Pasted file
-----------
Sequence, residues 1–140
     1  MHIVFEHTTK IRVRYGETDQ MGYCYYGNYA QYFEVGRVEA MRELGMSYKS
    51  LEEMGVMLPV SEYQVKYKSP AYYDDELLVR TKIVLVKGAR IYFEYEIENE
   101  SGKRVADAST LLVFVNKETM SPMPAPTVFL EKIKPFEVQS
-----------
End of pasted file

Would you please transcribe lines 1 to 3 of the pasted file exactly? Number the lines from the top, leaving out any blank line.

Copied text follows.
Sequence, residues 1–140
     1  MHIVFEHTTK IRVRYGETDQ MGYCYYGNYA QYFEVGRVEA MRELGMSYKS
    51  LEEMGVMLPV SEYQVKYKSP AYYDDELLVR TKIVLVKGAR IYFEYEIENE